These trends – an aging population and a declining workforce – are hitting hard at an industry already in crisis. “Nursing homes around the country were stretched thin before the wave of coronavirus tragedies,” Norris reports, “arguing that Medicaid and Medicare reimbursement rates did not keep up with their mounting costs. An economic model that already had paltry profit margins will wobble or collapse.”
Aging and COVID-19: Solutions Needed for Long-Term Care Crisis
If that happens, what’s the answer? The Washington Post article suggests a few possibilities but doesn’t really offer wide-ranging solutions. It’s possible that advances in technology might allow more seniors to age in place, but high-tech gadgetry will not help everyone. Multigenerational housing arrangements offer another answer for many families especially as housing prices rise. The article also says that the for-profit model in long-term care facilities needs to be reexamined, since they tend to have poorer ratings for safety and quality, according to recent reports. Non-profits tend to do better.
“Nursing homes deserve our prayers more than our condemnation,” Norris concludes. “As with health-care workers at hospitals, the assistants, orderlies, food service workers and medical staff in nursing homes deserve our deepest thanks. They show up for work every day knowing that they are walking straight toward danger.” Nevertheless, the poor outcomes for nursing home residents during the pandemic demand answers. “There will most certainly be a national commission to examine the U.S. response to this pandemic. It should include a robust investigation of nursing home deaths — and the underlying structure that left so many vulnerable.”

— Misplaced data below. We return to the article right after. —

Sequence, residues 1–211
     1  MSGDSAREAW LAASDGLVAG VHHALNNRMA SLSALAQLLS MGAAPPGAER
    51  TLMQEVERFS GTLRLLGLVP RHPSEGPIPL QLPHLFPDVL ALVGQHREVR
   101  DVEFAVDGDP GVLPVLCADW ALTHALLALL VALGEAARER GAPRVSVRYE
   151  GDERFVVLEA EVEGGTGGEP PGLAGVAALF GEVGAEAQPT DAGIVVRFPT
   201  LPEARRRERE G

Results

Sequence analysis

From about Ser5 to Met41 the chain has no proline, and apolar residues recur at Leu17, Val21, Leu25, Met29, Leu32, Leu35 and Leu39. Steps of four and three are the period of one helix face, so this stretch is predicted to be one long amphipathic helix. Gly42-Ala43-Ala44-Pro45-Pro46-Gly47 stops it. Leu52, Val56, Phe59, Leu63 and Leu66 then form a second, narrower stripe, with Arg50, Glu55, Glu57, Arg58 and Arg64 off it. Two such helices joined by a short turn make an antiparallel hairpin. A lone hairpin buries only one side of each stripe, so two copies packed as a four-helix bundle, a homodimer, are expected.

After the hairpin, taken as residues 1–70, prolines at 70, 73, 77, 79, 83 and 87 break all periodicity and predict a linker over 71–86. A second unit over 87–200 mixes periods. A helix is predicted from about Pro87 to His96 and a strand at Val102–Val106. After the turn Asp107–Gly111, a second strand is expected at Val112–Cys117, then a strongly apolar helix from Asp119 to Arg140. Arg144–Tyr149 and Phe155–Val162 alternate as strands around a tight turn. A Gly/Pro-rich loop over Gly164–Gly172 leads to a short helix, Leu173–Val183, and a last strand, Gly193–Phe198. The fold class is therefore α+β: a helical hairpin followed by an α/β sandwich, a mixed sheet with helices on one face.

Michele Norris ends her column with this poignant word picture. “As I write this, I can’t help but think of all of the senior citizens living in the petri dishes of potential infection that are nursing homes right now, waving to family members through windows and learning that friends down the hall are gone. They are trapped in the epicenter of the pandemic, weathering a fate that no one deserves. We owe it to them to ensure this is never repeated.” To that we heartily add our “Amen.”
Two Important Retirement-Planning Announcements from AgingOptions
At AgingOptions our chief desire is to help you prepare for the kind of retirement you’ve always dreamed of having. Toward that end, we want to share two important announcements that are designed to facilitate your LifePlanning process even during this period when most of us are required to avoid gathering in groups.
First, Rajiv Nagaich has scheduled several of his popular, free LifePlanning Seminars in the form of webinars that you can watch conveniently at home. Simply visit our Events Page and register for the webinar of your choice.
Our second announcement: in cooperation with our partners at LifePoint Law, we are excited to launch a ground-breaking new service called the LifePoint Law Emergency Legal Kit. Without leaving your home, you can now consult with a LifePoint Law attorney who will work with you to prepare and sign a complete set of vitally important legal documents including both Financial and Healthcare Powers of Attorney, a Living Will/Advance Directive, a Will or Trust, and much more. Click on the link or call us at AgingOptions and we’ll explain this excellent service to you.
Reliable information has never been more important – and that’s our promise to you at AgingOptions and LifePoint Law. Age on!
(originally reported at www.washingtonpostcom)